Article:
Comment


                            • #15
                              OP, don't focus so much on where the head is that you miss what counts--- everything from the shoulder back!

                              For GP jumpers, you are usually seeing a very engaged horse. He should look up-hill and cruising around on the flat, he probably does have his head down. In addition to moving in that front-to-back, uphill way, chances are that he's built with his neck set on a little bit more vertically than your stereotypical hunter. (Note, there are many hunters built with necks that come "up" out of their shoulder, too). By the time the GP is approaching a big fence however, he has rearranged his body for the legitimate leap that will come next.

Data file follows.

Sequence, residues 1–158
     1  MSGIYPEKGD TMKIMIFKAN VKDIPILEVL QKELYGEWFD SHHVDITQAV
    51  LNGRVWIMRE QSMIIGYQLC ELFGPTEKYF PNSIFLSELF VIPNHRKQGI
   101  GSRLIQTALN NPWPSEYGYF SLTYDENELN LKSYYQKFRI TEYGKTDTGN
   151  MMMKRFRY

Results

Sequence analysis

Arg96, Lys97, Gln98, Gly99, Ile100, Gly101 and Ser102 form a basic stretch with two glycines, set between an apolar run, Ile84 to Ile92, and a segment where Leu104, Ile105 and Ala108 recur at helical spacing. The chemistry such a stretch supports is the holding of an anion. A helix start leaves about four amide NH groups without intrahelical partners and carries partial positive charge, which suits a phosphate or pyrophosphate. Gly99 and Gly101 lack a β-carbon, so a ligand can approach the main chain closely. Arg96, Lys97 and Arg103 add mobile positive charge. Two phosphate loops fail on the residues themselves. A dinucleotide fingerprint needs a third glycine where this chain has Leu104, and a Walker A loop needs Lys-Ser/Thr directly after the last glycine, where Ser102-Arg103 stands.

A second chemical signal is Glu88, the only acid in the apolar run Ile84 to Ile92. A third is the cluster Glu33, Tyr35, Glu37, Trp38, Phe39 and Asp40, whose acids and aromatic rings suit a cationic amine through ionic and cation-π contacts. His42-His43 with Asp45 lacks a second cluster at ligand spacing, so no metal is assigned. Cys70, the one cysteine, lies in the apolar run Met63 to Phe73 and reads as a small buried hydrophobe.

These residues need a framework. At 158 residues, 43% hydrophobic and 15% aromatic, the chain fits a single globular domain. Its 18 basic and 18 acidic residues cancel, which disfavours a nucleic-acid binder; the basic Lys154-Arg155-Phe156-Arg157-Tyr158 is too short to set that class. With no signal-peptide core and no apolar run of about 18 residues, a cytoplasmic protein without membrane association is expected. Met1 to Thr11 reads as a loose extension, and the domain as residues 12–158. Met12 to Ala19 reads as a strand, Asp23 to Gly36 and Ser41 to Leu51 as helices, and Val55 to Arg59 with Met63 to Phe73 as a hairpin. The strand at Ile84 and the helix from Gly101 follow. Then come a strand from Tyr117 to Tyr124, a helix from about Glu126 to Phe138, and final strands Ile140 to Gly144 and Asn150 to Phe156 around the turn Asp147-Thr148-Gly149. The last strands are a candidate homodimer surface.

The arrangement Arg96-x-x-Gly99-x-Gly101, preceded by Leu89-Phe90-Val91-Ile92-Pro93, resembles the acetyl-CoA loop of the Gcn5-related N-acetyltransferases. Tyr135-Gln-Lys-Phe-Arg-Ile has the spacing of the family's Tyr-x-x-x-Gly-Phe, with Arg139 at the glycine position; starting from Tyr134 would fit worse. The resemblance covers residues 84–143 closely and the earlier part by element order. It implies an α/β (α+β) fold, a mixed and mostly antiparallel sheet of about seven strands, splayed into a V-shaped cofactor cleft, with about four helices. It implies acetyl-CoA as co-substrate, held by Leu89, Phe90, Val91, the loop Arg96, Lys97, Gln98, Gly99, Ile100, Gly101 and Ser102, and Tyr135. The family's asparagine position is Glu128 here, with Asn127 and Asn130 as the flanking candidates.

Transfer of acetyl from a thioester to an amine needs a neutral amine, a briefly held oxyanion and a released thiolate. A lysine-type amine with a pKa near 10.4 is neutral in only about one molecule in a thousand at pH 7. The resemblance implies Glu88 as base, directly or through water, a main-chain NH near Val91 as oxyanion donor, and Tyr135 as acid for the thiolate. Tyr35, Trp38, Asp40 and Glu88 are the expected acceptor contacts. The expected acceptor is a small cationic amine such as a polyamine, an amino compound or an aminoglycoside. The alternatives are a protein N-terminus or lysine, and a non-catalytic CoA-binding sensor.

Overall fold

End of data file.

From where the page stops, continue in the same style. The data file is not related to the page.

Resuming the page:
The true engagement, rather than head/neck position, can be harder to see in the hunters. Mine is built with just an OK neck. But the poor slob has enough dressage in him that he never drops his shoulders. He has not been allowed to do that, evah!

                              So watch these horses move. Get the whole picture and look for a horse that looks especially light on his front feet, easy to ride, relaxed in his back and coordinated. Regardless of where his head is, that's the one who is being ridden correctly where it counts.